Japan upgrades economic outlook as Abe's policies take hold
TOKYO (Reuters) - The Japanese government upgraded its assessment of the economy on Monday, as emerging signs of an upturn in exports and factory output added to growing evidence that Prime Minister Shinzo Abe's aggressive polices are beginning to reignite growth.
The world's third-biggest economy is gradually recovering, according to the government's monthly report released by the Cabinet Office.
The upgrade was the first in two months, and an improvement from April when it said the economy was showing signs of recovery but still had some weak spots.
The government's latest take on the economy came ahead of the Bank of Japan's two-day meeting ending on Wednesday, which is expected to leave policy unchanged after announcing a sweeping monetary expansion campaign in early April to vanquish 15 years of entrenched deflation.
Policymakers are also likely to take heart from a Reuters Tankan survey which showed manufacturers' sentiment rose for a sixth straight month in May, turning positive for the first time in a year.
According to the survey, released earlier on Monday, increasing optimism among manufacturers was largely driven by export sectors, including electric and precision machinery, that have benefited from a sharp weakening in the yen.
"Manufacturers had been lagging the services sector, but a weak yen and improvements in the U.S. economy mean that manufacturers' sentiment is starting to catch up," said Hiroshi Miyazaki, senior economist at Mitsubishi UFJ Morgan Stanley Securities.
"This is in line with the bullish scenario that the BOJ has laid out. There's no need to change policy."
Since Abe unveiled his strategy in November to end two decades of economic stagnation the yen has slumped to 4-1/2 year lows versus the dollar and share prices have rocketed by 70 percent.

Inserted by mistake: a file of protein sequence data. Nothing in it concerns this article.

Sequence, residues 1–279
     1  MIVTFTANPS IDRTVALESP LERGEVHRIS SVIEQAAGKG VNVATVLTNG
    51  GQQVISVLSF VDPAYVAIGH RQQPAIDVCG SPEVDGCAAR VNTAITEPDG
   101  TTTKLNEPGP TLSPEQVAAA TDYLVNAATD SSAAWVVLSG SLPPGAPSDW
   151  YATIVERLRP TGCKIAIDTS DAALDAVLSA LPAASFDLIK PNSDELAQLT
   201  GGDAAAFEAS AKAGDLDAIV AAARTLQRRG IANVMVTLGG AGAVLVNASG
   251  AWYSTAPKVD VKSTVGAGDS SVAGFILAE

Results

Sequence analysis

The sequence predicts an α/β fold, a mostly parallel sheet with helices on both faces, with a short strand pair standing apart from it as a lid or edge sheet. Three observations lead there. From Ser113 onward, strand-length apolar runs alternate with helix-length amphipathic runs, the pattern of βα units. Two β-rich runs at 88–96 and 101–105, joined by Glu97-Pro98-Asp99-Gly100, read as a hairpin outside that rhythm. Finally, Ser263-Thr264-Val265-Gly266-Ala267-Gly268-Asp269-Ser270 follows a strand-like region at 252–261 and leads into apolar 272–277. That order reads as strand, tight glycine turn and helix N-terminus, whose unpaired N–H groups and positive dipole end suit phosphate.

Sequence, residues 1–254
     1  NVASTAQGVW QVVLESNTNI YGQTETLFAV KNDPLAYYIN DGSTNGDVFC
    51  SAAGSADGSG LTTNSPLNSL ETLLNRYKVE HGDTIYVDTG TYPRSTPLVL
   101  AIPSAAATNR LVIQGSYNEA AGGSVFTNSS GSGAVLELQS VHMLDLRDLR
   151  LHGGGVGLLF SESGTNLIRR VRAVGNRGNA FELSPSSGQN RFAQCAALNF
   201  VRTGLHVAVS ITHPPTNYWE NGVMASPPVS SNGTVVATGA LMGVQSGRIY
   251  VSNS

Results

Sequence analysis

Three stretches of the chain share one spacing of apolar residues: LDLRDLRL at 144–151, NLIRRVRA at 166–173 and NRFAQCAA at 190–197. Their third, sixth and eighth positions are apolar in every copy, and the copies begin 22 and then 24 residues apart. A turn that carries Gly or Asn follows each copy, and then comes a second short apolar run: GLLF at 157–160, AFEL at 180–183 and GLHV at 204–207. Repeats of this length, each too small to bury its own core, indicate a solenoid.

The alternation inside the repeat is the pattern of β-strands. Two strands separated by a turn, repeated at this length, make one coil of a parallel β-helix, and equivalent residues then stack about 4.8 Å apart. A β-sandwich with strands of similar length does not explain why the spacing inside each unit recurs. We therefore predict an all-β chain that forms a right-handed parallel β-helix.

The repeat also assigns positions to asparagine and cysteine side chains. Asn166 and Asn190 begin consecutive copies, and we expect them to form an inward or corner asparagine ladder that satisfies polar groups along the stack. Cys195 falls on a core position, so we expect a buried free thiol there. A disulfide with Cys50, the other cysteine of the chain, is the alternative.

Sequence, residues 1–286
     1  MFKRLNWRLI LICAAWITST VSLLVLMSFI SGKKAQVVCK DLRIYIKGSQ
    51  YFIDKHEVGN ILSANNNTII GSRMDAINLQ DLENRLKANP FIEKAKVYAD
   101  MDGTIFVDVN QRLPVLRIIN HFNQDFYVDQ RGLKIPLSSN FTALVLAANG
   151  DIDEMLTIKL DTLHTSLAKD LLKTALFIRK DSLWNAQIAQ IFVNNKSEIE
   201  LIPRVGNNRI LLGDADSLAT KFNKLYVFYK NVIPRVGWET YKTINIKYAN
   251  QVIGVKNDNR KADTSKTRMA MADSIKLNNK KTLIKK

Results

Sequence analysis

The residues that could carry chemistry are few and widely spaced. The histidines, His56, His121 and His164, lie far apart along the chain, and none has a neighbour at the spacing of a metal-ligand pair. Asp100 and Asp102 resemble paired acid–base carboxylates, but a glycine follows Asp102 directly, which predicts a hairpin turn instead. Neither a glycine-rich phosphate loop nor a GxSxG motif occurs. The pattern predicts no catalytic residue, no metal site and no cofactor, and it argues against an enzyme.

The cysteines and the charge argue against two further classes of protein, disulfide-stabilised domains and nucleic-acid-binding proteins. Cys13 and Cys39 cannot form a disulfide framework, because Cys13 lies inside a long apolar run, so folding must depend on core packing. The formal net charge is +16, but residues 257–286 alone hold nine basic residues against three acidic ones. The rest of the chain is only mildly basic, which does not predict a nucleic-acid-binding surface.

Abe is hoping that the wealth-creating effects of a buoyant stock market and expectations for further improvement in the broad economy will generate a virtuous circle of consumption, investment and employment that will ultimately revitalize growth.
"We are implementing fiscal and monetary policies under Abe's administration, and this has set the stage for a V-shaped recovery," said Economics Minister Akira Amari said.
"Normally exports lead growth, but this time consumer spending is playing the leading role," Amari told a news conference after the government released its latest assessment of the economy.
The manufacturers' sentiment index rose by 11 points to plus 7 in the Reuters Tankan for May, the first positive figure since May 2012 and its highest reading since September 2011. It is expected to reach plus 22 in August.
The monthly poll closely correlates with the central bank's key Tankan quarterly company survey.
The poll comes days after government data showed the economy grew a faster-than-expected 0.9 percent in January-March from the previous quarter thanks to a big gain in private consumption and a pick-up in exports.
"A weak yen could have a big impact on our earnings, but its effects have not yet played out much in real demand," one electric machinery maker said in the Reuters survey.
SPIRITS PICK UP AS YEN FALLS
The yen's decline accelerated after the BOJ's April 4 decision to commit to open-ended asset buying to nearly double the monetary base to 270 trillion yen ($2.62 trillion) by the end of 2014 in a shock therapy to achieve 2 percent inflation.
The Reuters Tankan showed the index for service sector firms rose seven points to plus 19 in May, marking its highest reading since October 2007. It is seen reaching plus 28 in August led by sectors including real estate/construction and retailers.
While there are signs of early success for Abe's policies, not everyone is convinced that Japan's economic fortunes have improved.
Some companies complained of a lack of real demand, suggesting that a fully fledged recovery may not take hold for some time, according to the Reuters Tankan.
A precision machinery maker said: "Economic recovery is felt due to a weak yen caused by Abenomics monetary policy. But it has not led orders to recover and the situation remains tough."
Other manufacturers complained that higher import prices were squeezing profits as they struggle to pass on higher costs to their customers.
The government, however, remained optimistic about the outlook for growth.
"We expect the economy to continue to recover as exports improve and as economic stimulus and monetary policy steps bolster sentiment," the Cabinet Office said in its report.
($1 = 102.9750 Japanese yen)
(Editing by Simon Cameron-Moore and Shri Navaratnam)
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